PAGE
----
Trade policy workshop for mps in the east africa community
This presentation is the property of its rightful owner.
Sponsored Links
1 / 40

Trade Policy Workshop for MPs in the East Africa Community PowerPoint PPT Presentation


  • 96 Views
  • Uploaded on
  • Presentation posted in: General

Trade Policy Workshop for MPs in the East Africa Community. 27-28 May 2010, Arusha, Tanzania Trade Negotiations and Commercial Diplomacy Branch, UNCTAD, Geneva. Trade Policy Workshop for MPs in the East Africa Community. Organization of presentation :

Download Presentation

Trade Policy Workshop for MPs in the East Africa Community

An Image/Link below is provided (as is) to download presentation

Download Policy: Content on the Website is provided to you AS IS for your information and personal use and may not be sold / licensed / shared on other websites without getting consent from its author.While downloading, if for some reason you are not able to download a presentation, the publisher may have deleted the file from their server.


- - - - - - - - - - - - - - - - - - - - - - - - - - E N D - - - - - - - - - - - - - - - - - - - - - - - - - -

Presentation Transcript


Trade policy workshop for mps in the east africa community

Trade Policy Workshop for MPs in the East Africa Community

27-28 May 2010, Arusha, Tanzania

Trade Negotiations and Commercial Diplomacy Branch,

UNCTAD, Geneva


Trade policy workshop for mps in the east africa community1

Trade Policy Workshop for MPs in the East Africa Community

Organization of presentation:

1.Structure of the Multilateral Trading System (MTS) from the GATT 1947 to the WTO (1995), incl main principles

2.Functioning of the MTS:

- Provisions of the GATT and WTO agreements that could assist in growth and development

- The WTO’s Dispute Settlement Mechanism

3. Successful trade and development strategies for mitigating the impact of global economic and financial crisis.


Trade policy workshop for mps in the east africa community

The evolving scope of the multilateral trade agenda

UNCTAD

The Uruguay Round agenda (1994):agriculture services TRIPSTRIMSenvironment= rules on somedomestic policieswithin the border

The Doha agenda

(2001):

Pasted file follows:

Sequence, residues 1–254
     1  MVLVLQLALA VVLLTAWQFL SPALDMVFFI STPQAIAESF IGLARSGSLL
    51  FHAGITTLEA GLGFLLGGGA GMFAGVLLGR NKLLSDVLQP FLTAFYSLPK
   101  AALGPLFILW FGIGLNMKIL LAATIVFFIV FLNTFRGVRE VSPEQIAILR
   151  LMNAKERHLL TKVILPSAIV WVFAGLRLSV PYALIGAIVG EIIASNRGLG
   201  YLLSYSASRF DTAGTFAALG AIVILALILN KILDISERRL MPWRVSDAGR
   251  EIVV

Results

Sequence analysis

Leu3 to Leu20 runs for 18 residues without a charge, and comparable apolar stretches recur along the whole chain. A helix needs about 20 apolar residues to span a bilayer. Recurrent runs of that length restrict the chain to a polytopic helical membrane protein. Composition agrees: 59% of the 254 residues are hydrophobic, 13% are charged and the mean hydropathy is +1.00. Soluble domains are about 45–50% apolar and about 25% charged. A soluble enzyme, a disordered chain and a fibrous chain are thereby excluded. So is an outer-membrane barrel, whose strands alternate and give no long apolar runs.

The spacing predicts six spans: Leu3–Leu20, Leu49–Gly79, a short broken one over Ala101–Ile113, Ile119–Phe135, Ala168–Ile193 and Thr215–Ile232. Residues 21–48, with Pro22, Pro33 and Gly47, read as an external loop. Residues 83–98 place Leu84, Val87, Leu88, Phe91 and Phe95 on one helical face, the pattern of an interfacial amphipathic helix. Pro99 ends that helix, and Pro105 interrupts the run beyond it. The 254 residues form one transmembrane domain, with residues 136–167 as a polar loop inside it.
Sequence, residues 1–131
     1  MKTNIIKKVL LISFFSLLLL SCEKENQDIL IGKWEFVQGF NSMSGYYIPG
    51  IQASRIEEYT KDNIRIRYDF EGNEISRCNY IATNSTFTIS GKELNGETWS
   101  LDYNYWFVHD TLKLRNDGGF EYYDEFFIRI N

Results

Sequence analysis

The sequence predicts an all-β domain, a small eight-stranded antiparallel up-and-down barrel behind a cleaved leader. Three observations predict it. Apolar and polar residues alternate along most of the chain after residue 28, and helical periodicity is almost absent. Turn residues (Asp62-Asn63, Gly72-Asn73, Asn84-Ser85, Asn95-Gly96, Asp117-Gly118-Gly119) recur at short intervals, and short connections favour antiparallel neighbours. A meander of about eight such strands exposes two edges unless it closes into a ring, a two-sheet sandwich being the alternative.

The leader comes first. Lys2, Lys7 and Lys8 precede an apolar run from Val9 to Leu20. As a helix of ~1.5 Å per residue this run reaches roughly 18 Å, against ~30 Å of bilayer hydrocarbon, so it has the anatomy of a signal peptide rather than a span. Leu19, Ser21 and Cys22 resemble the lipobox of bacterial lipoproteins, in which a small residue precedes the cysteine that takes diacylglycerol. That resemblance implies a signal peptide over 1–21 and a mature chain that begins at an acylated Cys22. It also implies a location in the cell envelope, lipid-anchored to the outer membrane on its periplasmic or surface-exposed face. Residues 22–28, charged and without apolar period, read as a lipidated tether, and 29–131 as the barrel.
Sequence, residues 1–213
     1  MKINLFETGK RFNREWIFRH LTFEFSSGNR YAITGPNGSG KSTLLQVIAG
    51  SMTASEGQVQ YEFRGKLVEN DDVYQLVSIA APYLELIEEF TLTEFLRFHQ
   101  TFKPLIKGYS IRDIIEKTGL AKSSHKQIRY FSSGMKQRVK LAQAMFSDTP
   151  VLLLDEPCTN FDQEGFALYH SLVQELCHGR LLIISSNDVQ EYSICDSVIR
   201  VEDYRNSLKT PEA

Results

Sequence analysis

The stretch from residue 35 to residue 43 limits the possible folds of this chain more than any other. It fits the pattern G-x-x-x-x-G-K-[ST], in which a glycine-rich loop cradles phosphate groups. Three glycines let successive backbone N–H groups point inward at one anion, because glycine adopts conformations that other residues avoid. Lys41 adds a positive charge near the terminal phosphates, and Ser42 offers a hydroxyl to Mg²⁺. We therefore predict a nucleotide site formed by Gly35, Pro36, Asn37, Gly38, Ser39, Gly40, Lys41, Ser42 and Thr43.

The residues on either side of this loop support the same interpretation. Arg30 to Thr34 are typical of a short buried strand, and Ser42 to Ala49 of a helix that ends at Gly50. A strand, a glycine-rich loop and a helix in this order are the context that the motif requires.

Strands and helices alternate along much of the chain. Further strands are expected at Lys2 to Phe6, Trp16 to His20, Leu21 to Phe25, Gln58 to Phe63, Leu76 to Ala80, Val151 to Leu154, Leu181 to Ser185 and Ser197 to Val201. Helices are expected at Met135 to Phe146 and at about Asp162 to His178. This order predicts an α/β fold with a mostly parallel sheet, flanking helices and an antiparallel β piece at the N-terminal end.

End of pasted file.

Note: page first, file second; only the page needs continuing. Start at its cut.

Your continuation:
Singapore issues

= rules on more domestic policies

within the border

The GATT agenda

1947-1986:

MARKET

ACCESS

for trade in goods (non-agric)

=rules on

border measures

+

+

AND…

Cross-cutting issues :

Special and differential treatment and Implementation issues

Technical assistance

LDCs and small economies

Trade, debt and finance, and transfer of technology


The multilateral trading system can be seen as a cube

The multilateral trading system can be seen as a CUBE*:

Depth and number of issues of domestic economic policy (inside the borders) included in multilateral trading system(services, intellectual property, investments, competition, government procurement, trade facilitation….)

Level of liberalisation of

Market Access

(border measures)

(tariffs, non tariffs barriers, rules of origin, SPS/TBTs, quotas, AD…)

_

+

+

_

_

+

Number of countries part of the

multilateral trading system

*original idea developed by Craig van Grasstek


The cube changes

The cube changes:

Uruguay Round (1986-94)

GATT 1947

(till the 80s)

Various issues of domestic policy:

Services

TRIPs

TRIMs

susidies

_

slow market access liberalisation

_

Little intrusion in domestic policies

(plurilateral codes, subsidies, purchases…)

fast market access liberalisation

+

_

+

+

_

_

_

+

+

from approx. 90 to 128 countries

+

from 23 to approx. 80 countries

And keeps changing….


The evolution towards doha and post doha

The evolution towards Doha and post-Doha

Larger impact on domestic policies:

Services, Singapore issues

_

Liberalisation keeps moving but it is short in touching sensitive issues for developed countries

(AD, tariffs peaks, rules of origin, standards etc.)

+

+

_

_

+

From 153 countries part of the WTO to….?

Industrialised countries consider that their liberalisation regarding market access has almost reached its maximum limits. Their interests are thus concentrated on advocating further liberalisation (at and within the borders) in developing countries.